One of the first places I look now when a "surprise" team gets my attention is at the defense. This, I guess, is the big lesson from last year's Twins and Mariners, and a good thing to think about going forward. We can project pitching and hitting pretty well because our tools for handling past performance in those areas are sharp; it's harder to say from year to year which teams are going to have the best defenses because we can't say with certainty from year to year who the best fielders are. At the extremes, we're OK–Andruw Jones is good, Jose Canseco isn't–but there's a big middle ground in between, and knowing who's having a good season with the glove in May is less simple than knowing which hitters are shocking us.
That's a long-winded way of saying that during a season, I'm most comfortable evaluating defense at the team level, and doing so by addressing the basic question of defense: when a ball is put in play against a team, how often does that team turn it into an out? There are things this won't catch–outfielder and catcher arms, double-play efficiency, fielding errors–but it's a good quick'n'dirty method for evaluating defense, especially range.
Calculating this is easy, as it is basically the inverse of hits on balls in play: 1-((H-HR)/(AB-HR-SO)). Here are the rankings through Sunday's games:
American League National League Team DE Team DE
Red Sox .761 Dodgers .748 Yankees .745 Giants .742 White Sox .718 Pirates .724 A's .713 Mets .723 Mariners .708 Padres .719 Twins .707 Brewers .718 Royals .699 Reds .712 Rangers .699 Braves .712 Angels .699 Marlins .698 Orioles .691 Cubs .695 Devil Rays .681 Cardinals .693 Tigers .680 Expos .690 Blue Jays .675 Rockies .688 Indians .669 Diamondbacks .686 Phillies .684 Astros .670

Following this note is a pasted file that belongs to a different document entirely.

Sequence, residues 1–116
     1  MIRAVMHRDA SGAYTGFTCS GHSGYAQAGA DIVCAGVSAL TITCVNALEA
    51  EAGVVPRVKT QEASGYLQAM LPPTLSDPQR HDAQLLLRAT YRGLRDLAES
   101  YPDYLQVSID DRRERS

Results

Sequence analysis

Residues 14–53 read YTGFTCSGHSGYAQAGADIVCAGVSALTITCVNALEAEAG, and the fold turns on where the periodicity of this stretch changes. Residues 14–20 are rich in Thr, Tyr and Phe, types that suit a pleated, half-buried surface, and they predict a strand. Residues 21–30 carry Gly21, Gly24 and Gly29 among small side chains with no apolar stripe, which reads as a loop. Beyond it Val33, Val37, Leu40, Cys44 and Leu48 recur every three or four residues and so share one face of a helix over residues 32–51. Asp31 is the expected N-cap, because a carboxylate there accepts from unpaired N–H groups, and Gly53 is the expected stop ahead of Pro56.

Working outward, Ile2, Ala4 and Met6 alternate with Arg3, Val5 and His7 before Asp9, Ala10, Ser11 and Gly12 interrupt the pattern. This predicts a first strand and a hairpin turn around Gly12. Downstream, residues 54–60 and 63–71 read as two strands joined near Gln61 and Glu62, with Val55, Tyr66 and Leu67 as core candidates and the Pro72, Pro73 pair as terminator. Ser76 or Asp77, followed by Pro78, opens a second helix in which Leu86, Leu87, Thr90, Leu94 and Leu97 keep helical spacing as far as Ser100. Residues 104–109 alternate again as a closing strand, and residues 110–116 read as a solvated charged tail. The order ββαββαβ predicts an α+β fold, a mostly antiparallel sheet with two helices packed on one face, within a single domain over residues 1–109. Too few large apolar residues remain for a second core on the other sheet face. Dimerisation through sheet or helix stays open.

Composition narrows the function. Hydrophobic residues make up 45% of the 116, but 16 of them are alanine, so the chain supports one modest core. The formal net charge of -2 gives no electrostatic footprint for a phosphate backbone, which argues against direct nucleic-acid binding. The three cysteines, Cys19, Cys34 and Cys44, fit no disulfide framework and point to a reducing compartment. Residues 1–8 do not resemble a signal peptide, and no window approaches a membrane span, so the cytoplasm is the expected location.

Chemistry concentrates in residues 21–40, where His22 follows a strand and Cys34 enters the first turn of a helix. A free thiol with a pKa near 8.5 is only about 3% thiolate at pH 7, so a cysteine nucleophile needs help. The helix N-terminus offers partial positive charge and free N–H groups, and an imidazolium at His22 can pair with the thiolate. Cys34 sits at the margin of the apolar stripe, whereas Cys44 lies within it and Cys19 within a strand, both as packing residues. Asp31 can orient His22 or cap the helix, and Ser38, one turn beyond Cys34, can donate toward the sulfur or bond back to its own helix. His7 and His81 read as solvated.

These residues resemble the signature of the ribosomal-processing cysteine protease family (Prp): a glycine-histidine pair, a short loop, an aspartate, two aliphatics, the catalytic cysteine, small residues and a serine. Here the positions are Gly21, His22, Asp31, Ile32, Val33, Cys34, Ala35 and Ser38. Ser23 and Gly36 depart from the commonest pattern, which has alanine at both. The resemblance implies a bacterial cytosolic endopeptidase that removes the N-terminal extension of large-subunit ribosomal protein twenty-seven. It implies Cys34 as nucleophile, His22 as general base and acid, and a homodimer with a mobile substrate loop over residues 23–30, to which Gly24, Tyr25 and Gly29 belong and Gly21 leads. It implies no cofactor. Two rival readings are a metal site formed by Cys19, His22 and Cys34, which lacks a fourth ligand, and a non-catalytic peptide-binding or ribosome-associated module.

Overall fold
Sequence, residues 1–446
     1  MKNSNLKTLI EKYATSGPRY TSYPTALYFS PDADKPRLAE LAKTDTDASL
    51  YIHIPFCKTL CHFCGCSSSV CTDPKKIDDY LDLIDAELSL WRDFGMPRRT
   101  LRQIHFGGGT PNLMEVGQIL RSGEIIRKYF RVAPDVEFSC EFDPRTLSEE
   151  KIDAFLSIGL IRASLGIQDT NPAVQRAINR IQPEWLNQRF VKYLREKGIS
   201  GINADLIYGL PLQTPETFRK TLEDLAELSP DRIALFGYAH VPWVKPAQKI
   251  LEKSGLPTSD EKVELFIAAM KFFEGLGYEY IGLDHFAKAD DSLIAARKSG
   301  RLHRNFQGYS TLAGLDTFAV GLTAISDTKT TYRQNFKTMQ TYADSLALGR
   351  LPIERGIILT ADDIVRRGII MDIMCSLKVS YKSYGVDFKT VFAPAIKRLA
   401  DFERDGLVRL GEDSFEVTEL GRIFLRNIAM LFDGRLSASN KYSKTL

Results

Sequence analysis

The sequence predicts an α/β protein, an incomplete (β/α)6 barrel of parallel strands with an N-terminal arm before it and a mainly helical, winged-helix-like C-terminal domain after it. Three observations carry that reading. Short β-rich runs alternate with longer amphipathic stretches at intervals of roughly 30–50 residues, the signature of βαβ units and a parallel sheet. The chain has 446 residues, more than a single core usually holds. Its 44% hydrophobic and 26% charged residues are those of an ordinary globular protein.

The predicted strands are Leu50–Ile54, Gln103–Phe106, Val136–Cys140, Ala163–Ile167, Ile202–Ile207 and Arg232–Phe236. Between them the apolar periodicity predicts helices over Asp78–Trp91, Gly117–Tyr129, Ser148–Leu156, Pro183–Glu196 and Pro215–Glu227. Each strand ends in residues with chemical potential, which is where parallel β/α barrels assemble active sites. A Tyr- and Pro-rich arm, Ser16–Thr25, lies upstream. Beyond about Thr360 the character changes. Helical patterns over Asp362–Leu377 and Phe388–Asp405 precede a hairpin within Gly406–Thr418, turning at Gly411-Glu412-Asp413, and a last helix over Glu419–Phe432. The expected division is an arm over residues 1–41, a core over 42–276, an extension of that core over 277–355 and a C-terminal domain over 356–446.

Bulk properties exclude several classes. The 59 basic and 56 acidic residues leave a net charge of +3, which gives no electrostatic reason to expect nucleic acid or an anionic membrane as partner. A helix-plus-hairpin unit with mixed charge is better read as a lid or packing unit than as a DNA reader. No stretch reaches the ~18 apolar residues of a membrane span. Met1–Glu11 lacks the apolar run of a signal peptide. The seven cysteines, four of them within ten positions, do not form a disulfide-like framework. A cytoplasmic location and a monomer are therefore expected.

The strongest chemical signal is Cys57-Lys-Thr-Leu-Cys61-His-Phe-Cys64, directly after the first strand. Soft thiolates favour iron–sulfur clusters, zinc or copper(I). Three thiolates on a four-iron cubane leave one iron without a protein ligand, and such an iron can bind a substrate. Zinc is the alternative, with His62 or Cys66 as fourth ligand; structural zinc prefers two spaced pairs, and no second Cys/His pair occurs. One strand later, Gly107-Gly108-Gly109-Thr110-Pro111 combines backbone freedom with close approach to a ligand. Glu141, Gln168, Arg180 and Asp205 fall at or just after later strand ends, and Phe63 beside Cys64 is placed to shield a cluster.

A look at this list, especially the National League one, gives us a good idea at how some of the more surprising teams in the game are getting it done. The Red Sox' figure is off the charts–the Mariners led the AL last year with a .735 DE score–and seems to indicate that the defensive upgrades at second base and in center field, where Rey Sanchez and Johnny Damon now roam, have had a significant impact.
In the National League, the success of the Pirates and Giants–teams whose run prevention doesn't seem to match what their pitching has been doing–is in large part due to their defense. The Dodgers also seemed to have seen some benefit to adding Brian Jordan and Cesar Izturis to their defense, both improvements over Gary Sheffield and Alex Cora.
At the other end of the spectrum, the disappointing starts of the Blue Jays, Tigers, and Astros are reflected in their defensive performance. The Tigers, of course, are starting a bunch of utility players, converted catchers, and DHs, so perhaps this isn't a surprise. The Astros, however, have to be concerned that a staff which is in the middle of the pack in strikeouts isn't getting much help from the seven guys in the field. A questionable up-the-middle defense of Craig Biggio, Julio Lugo, and Lance Berkman is a weakness they may not be able to afford. Calls for the return of Adam Everett may make more sense than appears at first glance.
Contrast the Astros with the Diamondbacks, who lead the world in strikeouts, thanks to the duo of Randy Johnson and Curt Schilling as well as a relief corps that gets more than its share of Ks. While they haven't performed well defensively, they see fewer balls in play than most teams, minimizing the damage. The D'backs, of course, are 16-9 and tied with the Dodgers for first place in the NL West.
We're still not out of April, so these numbers have to be taken with a grain of salt. But if you're looking for an explanation as to why some teams are keeping runs off the board, while others are giving them up at a frightening rate, it's a good idea to look past the pitching staff and at the defense.